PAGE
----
> Another much more common issue is when you are trying to install some
> package (through AUR) and it has dependencies on some packages (also through
> AUR) however that package happens to be outdated. So then you have to
> manually build the package, and if it depends on some other packages things
> get even worse (kind of like dependency hell, haskell version). With just
> using cabal, you can do cabal install or cabal update. Again this is an
> issue that goes to my previous point, where packages on AUR (that are not
> just the base ones) aren't fully updated

Does it really matter to much to you as an end user if a package is
outdated?  I mean, yes, I like to keep the Haskell packages I use
either directly or indirectly updated in terms of ebuilds for Gentoo
as much as possible, but does it really hurt if it takes a month or so
for the repository maintainer to update said packages (assuming
there's not some large bug with the older version)?

Speaking of such, you could always help out by a) asking Don or
someone else that said package is out of date, and b) actually helping
to create Haskell packages.

> Note that these problems aren't just foreign to Haskell, other languages has
> it as well (to some degree). I have had similar issues with building
> outdated C/C++ programs, its just that due to the way people program/build
> in C/C++, they use a few huge libraries (as opposed to a large collection of
> smaller libraries) so when problems do occur you don't have
> many dependencies that you have to deal with. In Haskell, its not uncommon
> to have libraries/programs with >15 dependencies. I actually prefer the
> Haskell way of doing things, because its much more modularized, it just
> means that if you have issues with dependencies in libraries they are
> amplified. Ruby is another language that favors using many libraries,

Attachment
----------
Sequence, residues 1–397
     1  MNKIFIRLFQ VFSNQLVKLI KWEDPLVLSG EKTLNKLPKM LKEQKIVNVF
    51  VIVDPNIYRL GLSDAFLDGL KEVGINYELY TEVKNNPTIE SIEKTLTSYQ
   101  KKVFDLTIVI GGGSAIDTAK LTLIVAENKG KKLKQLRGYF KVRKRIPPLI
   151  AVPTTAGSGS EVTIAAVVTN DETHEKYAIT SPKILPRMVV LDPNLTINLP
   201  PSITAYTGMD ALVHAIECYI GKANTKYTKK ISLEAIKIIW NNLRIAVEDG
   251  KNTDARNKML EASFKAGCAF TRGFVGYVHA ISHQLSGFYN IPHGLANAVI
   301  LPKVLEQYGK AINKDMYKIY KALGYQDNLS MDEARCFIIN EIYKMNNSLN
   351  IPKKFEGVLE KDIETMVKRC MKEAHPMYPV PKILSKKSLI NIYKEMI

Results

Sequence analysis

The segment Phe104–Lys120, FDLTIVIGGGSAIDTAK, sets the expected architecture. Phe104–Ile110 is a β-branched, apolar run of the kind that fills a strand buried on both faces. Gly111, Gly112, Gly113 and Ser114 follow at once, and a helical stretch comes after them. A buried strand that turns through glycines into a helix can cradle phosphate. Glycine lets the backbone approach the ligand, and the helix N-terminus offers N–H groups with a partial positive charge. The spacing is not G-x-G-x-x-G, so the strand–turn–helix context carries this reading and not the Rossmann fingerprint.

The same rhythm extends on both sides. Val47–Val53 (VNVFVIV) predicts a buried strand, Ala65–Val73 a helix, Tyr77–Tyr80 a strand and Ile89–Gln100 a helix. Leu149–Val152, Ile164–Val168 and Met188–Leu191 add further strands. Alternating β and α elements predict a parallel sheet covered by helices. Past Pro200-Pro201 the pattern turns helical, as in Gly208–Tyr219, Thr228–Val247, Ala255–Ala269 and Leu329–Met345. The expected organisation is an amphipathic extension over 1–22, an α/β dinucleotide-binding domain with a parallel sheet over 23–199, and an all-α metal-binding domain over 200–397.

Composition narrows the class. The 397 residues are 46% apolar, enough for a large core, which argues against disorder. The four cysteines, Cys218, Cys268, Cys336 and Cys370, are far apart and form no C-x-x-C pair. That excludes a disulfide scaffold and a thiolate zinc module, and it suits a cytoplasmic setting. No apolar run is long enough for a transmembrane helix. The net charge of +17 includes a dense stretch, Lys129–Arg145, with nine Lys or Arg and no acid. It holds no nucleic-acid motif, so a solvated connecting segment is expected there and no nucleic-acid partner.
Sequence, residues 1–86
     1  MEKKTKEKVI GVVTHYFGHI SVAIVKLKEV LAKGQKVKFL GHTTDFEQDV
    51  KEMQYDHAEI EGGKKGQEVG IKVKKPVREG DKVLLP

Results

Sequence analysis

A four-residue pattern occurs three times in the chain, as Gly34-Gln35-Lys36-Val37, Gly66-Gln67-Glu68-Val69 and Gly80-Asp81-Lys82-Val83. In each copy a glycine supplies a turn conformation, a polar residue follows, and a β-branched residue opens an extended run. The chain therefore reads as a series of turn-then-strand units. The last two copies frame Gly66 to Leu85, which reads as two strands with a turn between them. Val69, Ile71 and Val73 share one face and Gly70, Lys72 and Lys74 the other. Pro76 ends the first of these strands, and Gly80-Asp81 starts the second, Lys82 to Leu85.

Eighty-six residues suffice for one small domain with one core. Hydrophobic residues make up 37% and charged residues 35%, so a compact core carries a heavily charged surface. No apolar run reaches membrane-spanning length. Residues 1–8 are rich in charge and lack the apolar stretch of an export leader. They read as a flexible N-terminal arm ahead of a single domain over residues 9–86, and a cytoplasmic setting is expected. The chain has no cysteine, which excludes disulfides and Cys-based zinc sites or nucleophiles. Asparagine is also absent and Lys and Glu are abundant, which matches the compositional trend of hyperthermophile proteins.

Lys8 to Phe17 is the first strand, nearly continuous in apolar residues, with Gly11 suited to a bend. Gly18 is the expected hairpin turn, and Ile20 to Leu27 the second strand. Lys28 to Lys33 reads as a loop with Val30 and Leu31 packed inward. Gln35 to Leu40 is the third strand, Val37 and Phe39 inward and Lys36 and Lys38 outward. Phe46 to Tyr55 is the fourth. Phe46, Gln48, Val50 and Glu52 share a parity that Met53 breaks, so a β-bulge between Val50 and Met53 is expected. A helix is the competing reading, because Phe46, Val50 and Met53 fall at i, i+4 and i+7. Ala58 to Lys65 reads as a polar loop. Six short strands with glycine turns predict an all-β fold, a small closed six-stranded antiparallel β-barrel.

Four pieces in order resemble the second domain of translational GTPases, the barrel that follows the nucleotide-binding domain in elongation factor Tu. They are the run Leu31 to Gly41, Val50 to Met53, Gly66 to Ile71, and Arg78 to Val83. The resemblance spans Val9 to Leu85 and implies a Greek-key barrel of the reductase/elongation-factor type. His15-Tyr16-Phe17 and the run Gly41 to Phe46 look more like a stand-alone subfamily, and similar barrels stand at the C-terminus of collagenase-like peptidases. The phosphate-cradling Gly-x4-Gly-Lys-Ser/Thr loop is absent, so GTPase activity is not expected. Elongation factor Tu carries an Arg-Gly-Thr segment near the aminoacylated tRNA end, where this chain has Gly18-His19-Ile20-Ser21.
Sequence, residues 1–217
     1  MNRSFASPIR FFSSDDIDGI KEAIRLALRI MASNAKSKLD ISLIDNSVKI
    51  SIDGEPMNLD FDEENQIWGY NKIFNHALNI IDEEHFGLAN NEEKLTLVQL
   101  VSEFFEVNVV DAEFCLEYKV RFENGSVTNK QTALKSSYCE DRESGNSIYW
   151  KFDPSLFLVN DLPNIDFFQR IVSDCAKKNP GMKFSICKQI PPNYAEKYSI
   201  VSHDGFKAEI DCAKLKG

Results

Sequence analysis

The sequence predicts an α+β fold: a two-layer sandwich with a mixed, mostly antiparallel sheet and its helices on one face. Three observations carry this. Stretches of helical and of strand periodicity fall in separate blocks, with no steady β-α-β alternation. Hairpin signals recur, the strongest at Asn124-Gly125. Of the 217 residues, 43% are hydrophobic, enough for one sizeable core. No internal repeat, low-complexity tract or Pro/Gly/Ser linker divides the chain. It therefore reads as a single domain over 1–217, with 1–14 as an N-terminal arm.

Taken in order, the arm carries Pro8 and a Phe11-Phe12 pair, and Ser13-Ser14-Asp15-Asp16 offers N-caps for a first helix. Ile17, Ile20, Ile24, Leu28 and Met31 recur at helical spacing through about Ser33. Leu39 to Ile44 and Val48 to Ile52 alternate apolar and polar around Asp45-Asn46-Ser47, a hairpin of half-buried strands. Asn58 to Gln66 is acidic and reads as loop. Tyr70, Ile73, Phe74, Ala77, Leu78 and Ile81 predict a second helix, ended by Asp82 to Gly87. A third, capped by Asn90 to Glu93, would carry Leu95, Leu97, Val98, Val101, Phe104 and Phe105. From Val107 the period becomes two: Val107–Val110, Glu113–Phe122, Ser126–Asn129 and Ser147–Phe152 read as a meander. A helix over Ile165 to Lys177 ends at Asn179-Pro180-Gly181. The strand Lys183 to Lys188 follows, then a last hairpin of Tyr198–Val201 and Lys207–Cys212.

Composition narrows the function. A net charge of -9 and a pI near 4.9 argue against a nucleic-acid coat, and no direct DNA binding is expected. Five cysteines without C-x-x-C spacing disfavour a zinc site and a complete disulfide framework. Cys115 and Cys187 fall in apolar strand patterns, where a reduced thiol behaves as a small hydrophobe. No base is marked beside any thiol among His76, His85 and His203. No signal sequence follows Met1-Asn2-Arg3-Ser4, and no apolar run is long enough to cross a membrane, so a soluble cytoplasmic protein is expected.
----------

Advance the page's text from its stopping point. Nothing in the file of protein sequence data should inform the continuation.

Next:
> however everyone that uses Ruby just uses gems (kind of equivalent of
> cabal-install) and Ruby being a primarily interpreted/scripted language
> makes things less painful then one that is primarily compiled (such as
> Haskell)

If memory serves, Arch also only has one version of each package; does
this ever lead to problems when package Foo depends on Bar-x, and
package Baz depends on Bar-y (where x /= y)?  If so, maybe this is one
reason why packages aren't updated instantly...

>> > Apart from base/required packages, unless your linux distro has proper
>> > metapackages its in my opinion just better off using cabal install (and
>> > only
>> > use arch packages for binaries)
>> What do you mean by "metapackages"?
> Metapackages would mean that when you do an update/install through your
> distro (for my archlinux system it would be packer -S haskell-gtk for
> example) then it wouldn't actually install (or sync) a package containing
> files. Instead what would happen is that invoking packer -S haskell-gtk
> would just invoke a cabal-install (with a pre-configured .config file I am
> assuming). More importantly, if you do something like ghc-unregister on a
> package and it fails, the package wouldn't actually successfully uninstall
> (and screw up ghc) as it did in my example above

Oh, so you want to be able to have "virtual" packages that
auto-generate the package you want if it isn't already available?
IMHO, that's a really bad idea and fraught with possible problems (see
my comments on this above).  And in the gtk case, now that it's
cabalised this shouldn't be as much of a problem.

Ivan Lazar Miljenovic
Ivan.Miljenovic at gmail.com